A chronicle of the progress of the Great War as told in song, poetry, dance and narration by the Black Fox, a community group from Wheatley, and the Oxford Morris Men. The presentation emphasises the ties between the rural community of Wheatley and the city of Oxford.  We are privileged to be able to perform this production in the magnificient space of the Wesley Memorial Church in Oxford.

Included in the performance are excerpts of interviews made in 1983 of villagers who were at the primary school in 1916. The cast includes descendants of these villagers.  This is offset by the poetry of Siegried Sassoon who was hospitalised in New College, Edward Thomas and Philip Larkin.  These poems have been set to music.  Other songs are a mixture of original pieces from Mick Jones's many community plays and other familiar ones.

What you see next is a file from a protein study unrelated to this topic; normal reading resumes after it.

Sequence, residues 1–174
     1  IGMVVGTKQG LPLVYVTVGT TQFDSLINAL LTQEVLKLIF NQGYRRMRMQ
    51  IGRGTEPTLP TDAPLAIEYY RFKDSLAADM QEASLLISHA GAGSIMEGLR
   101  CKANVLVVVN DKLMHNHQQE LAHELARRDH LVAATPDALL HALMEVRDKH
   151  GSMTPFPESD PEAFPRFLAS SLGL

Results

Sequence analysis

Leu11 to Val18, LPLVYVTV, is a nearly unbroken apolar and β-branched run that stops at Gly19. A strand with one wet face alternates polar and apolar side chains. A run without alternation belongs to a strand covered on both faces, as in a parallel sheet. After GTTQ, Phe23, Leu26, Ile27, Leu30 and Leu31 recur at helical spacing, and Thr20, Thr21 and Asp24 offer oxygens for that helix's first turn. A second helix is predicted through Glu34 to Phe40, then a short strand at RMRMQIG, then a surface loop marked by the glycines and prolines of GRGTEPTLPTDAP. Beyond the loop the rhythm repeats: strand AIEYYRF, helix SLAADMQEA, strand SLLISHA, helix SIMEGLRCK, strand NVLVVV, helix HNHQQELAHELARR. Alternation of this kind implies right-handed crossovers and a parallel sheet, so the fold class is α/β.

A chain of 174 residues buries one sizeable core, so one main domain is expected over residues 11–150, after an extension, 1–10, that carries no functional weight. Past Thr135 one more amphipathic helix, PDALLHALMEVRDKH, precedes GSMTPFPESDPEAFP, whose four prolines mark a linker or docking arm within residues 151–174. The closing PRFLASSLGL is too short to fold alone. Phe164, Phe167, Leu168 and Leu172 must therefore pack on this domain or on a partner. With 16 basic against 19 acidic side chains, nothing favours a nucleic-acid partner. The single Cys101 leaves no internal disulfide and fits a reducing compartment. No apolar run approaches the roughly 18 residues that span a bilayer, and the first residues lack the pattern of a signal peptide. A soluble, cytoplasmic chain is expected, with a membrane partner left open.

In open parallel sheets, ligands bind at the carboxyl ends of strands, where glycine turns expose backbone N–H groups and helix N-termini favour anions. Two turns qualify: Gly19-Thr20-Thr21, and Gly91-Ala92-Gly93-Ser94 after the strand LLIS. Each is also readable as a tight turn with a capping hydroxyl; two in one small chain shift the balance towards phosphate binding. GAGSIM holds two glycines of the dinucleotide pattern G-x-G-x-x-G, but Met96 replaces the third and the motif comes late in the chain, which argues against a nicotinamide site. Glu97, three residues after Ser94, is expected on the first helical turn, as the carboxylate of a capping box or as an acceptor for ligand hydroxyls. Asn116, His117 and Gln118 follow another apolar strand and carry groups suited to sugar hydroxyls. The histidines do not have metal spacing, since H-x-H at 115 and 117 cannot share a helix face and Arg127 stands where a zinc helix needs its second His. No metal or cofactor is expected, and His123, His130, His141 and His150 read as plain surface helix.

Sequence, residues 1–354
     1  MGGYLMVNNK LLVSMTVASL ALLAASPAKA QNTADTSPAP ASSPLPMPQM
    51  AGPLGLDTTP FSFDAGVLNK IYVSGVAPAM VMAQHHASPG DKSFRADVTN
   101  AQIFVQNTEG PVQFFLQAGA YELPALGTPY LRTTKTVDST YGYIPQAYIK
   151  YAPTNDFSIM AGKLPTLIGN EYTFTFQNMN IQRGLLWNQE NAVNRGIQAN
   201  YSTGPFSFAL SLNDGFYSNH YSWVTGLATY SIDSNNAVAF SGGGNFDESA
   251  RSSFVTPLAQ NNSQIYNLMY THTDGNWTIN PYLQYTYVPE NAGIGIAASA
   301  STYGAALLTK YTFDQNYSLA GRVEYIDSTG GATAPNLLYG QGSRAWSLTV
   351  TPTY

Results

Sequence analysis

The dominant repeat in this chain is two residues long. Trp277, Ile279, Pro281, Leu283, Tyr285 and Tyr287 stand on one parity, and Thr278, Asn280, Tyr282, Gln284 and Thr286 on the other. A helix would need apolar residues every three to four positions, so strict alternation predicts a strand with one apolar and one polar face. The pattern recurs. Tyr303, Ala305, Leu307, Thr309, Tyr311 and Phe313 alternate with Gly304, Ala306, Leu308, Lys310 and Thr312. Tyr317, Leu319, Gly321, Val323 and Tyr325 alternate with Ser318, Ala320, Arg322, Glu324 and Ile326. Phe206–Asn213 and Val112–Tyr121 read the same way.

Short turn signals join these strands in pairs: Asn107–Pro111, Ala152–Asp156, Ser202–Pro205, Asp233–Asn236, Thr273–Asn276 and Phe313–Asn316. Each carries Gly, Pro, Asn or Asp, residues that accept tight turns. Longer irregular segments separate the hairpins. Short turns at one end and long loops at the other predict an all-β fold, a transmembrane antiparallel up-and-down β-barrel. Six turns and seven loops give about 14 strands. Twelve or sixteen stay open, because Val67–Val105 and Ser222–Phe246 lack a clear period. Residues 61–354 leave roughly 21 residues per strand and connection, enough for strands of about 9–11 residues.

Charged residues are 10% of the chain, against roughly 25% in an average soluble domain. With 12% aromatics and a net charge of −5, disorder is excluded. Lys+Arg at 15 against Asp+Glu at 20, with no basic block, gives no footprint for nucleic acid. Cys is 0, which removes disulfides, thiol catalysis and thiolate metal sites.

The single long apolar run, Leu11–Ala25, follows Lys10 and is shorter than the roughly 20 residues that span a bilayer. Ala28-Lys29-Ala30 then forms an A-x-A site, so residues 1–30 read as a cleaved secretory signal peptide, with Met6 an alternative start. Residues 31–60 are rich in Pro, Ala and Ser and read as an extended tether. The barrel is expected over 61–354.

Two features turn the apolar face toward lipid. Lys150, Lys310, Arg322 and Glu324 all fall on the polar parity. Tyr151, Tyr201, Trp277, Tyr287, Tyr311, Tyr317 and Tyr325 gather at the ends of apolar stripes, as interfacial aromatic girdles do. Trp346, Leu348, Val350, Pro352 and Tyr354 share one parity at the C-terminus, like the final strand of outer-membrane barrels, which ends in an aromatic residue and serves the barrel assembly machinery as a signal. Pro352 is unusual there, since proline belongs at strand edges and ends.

The links to Wheatley are demonstrated by a song originally performed in Wheatley in 1984 in the first production of The Soldiers Have Taken Our Horses Away. This song is now performed by singers who were then at Wheatley Primary School.  One family in this production is represented by three generations. 

The links to Oxford are shown through the Morris dancing representing Cecil Sharpe's demonstration side as they would have danced in 1914. Of this side of seven dancers five lost their lives during the Battle of the Somme, including the composer George Butterworth.  His arrangement of The Banks of Green Willow is included in the performance.  As the band shifts from music as originally scored for classical instruments to modern electric instruments so the morris dancers morph from representing an all male side of 1914 to a modern mixed side.

No admission charge, donations welcome.  All profits to Oxford Cruse Bereavement Care. 


Abingdon Morris at Oxford Castle Quarter.jpg

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